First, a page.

Elsewhere’s QueerLab tells queer stories

Aubrey King, Staff Writer
March 6, 2015

Perched between the Artmongerz Gallery and Table 16 downtown sits an interesting museum. Reanimating an old thrift shop, Elsewhere adds a splash of joy to the downtown and Greensboro communities with an open atmosphere and various workshops.

Described by its employees as a living museum, Elsewhere allows its customers to explore an ever-evolving museum atmosphere while also serving as a meeting place for various workshops.

A more recent Elsewhere project, the QueerLab program brings together local youth for discussion of the LGBTQA lifestyle in North Carolina.

“QueerLab is a group of queer identifying youth that come together and work as an editorial team on the magazine ‘I Don’t Do Boxes,’” said senior and Elsewhere intern Sam Metzner. “I think it’s a really awesome way to get youth to feel empowered and let them share their voices and experiences.”

Past “I Don’t Do Boxes” publications live on the Elsewhere website, and they offer a fascinating perspective on life in North Carolina. Featuring poetry, stories and even recorded music, “I Don’t Do Boxes” combines multimedia in a deeply meaningful way.

The most recent issue of “I Don’t Do Boxes,” “Out Loud” incorporates sound into the magazine in creative ways.

“‘Out Loud’ invited queer youth, musicians and artists to explore the power of voice in different ways,” reads the editorial board’s description of the magazine from their website. “An accompanying compilation of music, sounds and recordings offer listeners everything from raucous punk anthems to ambient noise experiments, queer oral histories and queer-hop beats.”

Though both the QueerLab and “I Don’t Do Boxes” offer valuable experiences, they work best when they come together and discussion and expression work as one.

“Having other means of expressing ourselves and our creativity, such as music and writing, not only provides a great way of working through our own struggles but also creates something that other members of our community can identify and empathize with,” said an Early College junior who asked to remain unidentified.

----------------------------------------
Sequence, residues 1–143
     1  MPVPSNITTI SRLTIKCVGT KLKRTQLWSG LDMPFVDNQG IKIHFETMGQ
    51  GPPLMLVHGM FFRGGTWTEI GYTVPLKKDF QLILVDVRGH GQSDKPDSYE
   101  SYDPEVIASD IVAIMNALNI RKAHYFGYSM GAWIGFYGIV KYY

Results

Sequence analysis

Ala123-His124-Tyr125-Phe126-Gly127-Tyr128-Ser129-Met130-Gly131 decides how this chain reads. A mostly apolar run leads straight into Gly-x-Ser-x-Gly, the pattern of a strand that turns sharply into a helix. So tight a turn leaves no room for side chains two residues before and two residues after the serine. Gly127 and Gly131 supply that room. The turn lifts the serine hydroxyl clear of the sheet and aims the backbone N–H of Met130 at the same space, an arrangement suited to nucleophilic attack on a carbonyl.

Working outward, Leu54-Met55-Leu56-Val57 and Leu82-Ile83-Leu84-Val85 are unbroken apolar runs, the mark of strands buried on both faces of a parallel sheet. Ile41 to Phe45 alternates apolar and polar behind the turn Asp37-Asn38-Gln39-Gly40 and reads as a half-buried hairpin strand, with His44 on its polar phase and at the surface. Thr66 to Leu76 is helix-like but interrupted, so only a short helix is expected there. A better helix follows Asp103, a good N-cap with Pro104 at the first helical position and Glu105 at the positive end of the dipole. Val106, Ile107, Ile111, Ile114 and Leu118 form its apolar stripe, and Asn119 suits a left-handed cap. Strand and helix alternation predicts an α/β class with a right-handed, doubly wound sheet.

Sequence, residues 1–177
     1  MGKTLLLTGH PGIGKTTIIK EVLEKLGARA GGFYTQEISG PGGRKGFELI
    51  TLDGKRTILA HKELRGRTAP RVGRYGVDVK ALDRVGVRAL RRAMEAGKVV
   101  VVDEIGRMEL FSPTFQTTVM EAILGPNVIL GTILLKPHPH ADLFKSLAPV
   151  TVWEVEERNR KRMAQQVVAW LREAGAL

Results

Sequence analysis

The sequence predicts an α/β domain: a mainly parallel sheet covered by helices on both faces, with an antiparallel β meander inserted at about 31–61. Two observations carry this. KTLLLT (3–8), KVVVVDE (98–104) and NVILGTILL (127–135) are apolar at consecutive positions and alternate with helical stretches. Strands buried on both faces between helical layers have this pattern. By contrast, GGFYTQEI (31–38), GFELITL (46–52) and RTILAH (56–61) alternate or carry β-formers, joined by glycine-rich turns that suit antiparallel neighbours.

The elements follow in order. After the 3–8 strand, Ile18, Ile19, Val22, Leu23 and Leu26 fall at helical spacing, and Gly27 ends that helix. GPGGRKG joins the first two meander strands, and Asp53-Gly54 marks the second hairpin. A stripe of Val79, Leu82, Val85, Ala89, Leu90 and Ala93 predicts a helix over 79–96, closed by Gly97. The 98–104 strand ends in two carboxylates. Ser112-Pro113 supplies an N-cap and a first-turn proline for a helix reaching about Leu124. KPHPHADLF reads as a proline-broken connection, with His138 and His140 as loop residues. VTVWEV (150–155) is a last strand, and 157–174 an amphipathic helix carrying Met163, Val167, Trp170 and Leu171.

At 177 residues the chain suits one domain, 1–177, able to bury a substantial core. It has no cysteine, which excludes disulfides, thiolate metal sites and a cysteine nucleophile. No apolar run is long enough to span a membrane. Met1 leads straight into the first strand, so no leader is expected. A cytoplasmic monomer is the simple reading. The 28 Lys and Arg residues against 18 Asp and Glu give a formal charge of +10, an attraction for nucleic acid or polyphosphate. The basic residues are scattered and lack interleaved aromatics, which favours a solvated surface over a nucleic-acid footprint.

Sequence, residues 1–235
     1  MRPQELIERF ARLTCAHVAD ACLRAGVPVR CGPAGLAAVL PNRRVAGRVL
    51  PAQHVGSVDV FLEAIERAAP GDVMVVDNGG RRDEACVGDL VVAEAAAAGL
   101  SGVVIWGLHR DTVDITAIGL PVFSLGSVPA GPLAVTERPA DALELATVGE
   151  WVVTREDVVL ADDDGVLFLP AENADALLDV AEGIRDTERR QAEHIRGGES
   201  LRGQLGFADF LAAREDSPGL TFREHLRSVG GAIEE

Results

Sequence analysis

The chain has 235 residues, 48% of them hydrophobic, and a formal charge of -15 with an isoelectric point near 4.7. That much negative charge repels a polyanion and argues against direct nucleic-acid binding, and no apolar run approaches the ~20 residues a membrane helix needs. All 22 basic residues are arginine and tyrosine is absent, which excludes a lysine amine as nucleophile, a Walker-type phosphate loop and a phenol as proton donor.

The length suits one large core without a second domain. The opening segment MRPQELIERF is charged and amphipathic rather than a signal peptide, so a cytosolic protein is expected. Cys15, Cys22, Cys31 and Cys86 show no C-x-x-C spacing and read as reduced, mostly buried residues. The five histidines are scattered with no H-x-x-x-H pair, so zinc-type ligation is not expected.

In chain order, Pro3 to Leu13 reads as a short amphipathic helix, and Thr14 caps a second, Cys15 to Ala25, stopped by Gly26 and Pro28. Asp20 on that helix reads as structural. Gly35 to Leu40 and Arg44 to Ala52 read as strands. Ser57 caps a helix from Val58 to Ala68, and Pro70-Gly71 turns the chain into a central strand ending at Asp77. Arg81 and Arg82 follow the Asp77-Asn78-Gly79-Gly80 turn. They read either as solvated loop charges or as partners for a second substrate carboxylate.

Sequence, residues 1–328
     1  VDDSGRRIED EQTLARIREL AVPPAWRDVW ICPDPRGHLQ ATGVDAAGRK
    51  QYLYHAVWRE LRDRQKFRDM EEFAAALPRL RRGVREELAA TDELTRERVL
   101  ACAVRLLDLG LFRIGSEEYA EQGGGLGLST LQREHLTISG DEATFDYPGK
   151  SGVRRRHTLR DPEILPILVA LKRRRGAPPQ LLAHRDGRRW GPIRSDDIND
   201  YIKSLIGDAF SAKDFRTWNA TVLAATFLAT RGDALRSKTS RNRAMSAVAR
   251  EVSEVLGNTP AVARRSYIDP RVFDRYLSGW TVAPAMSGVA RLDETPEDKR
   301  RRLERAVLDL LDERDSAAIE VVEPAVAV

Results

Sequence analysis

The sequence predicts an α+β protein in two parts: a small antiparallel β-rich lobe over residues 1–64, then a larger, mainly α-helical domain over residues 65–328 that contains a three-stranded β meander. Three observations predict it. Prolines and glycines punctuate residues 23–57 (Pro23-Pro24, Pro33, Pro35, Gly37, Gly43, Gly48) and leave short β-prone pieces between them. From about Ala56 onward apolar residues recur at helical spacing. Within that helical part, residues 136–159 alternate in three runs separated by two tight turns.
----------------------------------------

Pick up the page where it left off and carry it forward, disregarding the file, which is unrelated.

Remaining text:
The collaboration centers on Elsewhere itself. The small museum serves as a gathering and work place for the workshop participants and editors of the magazine. The space feels friendly and warm and seems to draw passersby from off the street.

“(My first time visiting Elsewhere) must’ve been my freshman year,” said Page High School student and frequent Elsewhere visitor Naomi Onadein in an email interview. “My friend and I were downtown, saw the swings out front and thought ‘this must be a cool place.’”

Though the museum will not open again until April, the experience of visiting is worth the wait. As any interested museum-goer makes their way inside, they are greeted by friendly staff and an eclectic atmosphere.

Everything from child’s toys to old journals and diaries line the shelves and walls of the enchanting main room. Set to the side, a small library of fascinating volumes of all shapes, sizes and types line the walls. In the back, a more open space allows ample room for meetings and discussions.

It is a distinct space, and distinct places breed unique ideas. One cannot help but feel creative wandering through Elsewhere.

Elsewhere offers the community a wonderful space to simply enjoy themselves while the QueerLab and “I Don’t Do Boxes” offer the local LGBTQA a place to learn and share. Together, they are quite a potent combination.

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